Tad DeHaven

A Washington Post investigation identified dozens of examples of federal policymakers directing federal dollars to projects that benefited their property or an immediate family member. Members of Congress have been enriching themselves at taxpayer expense? In other news, the sun rose this morning.

According to the Post, “Under the ethics rules Congress has written for itself, this is both legal and undisclosed”:

By design, ethics rules governing Congress are intended to preserve the freedom of members to direct federal spending in their districts, a process known as earmarking. Such spending has long been cloaked in secrecy and only in recent years has been subjected to more transparency. Although Congress has imposed numerous conflict-of-interest rules on federal agencies and private businesses, the rules it has set for itself are far more permissive.

Lawmakers are required to certify that they do not have a financial stake in the actions they take. In the cases The Post examined, not one lawmaker mentioned that he or she owned property that was near the earmarked project or had a relative who was employed by the company or institution that received the earmark. The reason: Nothing in congressional rules requires them to do so, and the rules do not address proximity.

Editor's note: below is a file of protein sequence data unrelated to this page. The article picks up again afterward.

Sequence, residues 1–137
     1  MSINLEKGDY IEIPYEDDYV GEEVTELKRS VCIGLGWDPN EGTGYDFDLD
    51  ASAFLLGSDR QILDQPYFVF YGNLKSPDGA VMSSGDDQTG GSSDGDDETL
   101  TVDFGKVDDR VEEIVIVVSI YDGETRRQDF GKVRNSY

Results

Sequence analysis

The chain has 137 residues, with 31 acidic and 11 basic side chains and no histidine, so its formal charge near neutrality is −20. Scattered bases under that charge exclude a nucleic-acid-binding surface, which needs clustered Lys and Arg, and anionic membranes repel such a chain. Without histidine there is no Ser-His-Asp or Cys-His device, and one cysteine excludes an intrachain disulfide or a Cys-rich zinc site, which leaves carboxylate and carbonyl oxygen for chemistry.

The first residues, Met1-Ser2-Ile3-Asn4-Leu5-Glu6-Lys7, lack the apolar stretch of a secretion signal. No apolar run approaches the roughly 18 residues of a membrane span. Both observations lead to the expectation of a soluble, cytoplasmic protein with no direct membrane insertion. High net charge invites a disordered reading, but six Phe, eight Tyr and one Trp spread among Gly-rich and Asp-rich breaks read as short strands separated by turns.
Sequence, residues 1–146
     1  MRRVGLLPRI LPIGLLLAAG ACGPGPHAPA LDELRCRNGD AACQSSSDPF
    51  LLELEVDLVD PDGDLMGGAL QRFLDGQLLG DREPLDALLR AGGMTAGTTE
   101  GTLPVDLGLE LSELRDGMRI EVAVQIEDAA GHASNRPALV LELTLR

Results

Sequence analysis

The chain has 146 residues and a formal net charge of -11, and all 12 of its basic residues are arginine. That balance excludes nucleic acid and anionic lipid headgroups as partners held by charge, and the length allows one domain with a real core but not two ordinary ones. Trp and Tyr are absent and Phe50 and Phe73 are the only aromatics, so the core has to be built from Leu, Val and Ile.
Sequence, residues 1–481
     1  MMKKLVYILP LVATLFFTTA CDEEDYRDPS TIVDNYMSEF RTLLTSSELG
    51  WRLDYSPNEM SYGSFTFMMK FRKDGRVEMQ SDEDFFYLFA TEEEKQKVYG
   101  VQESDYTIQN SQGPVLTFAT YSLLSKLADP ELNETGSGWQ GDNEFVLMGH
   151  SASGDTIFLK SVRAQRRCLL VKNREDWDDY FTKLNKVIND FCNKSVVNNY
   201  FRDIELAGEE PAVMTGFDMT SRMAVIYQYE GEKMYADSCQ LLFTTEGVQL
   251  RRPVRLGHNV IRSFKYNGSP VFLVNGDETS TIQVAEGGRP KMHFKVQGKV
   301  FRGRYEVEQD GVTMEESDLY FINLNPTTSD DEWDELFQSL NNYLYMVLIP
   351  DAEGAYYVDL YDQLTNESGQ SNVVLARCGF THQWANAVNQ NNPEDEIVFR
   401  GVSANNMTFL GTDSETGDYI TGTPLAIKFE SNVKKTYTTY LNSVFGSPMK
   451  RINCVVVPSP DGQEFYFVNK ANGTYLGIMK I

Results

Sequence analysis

With the fox guarding the henhouse, the most one can hope to accomplish is to limit the carnage. Many pundits, politicians, and policy wonks argue that a permanent ban on earmarks would be an effective limit. Unfortunately, that’s just wishful thinking as earmarks are merely a symptom of the real problem: Congress can spend other peoples’ money on virtually anything it wants.

Take the example of Rep. Candace Miller (R-MI):

In Harrison Township, Mich., Rep. Candice S. Miller’s home is on the banks of the Clinton River, about 900 feet downstream of the Bridgeview Bridge. The Republican lawmaker said when she learned local officials were going to replace the aging bridge, she decided to make sure the new one had a bike lane.

“I told the road commission, ‘I am going to try to get an earmark for the bike path,’” Miller said, recalling that she said, “If we don’t put a bike path on there while you guys are reconstructing the bridge, it will never happen.”


Tad DeHaven

Tad DeHaven is a budget analyst at the Cato Institute. Previously he was a deputy director of the Indiana Office of Management and Budget. DeHaven also worked as a budget policy advisor to Senators Jeff Sessions (R-AL) and Tom Coburn (R-OK).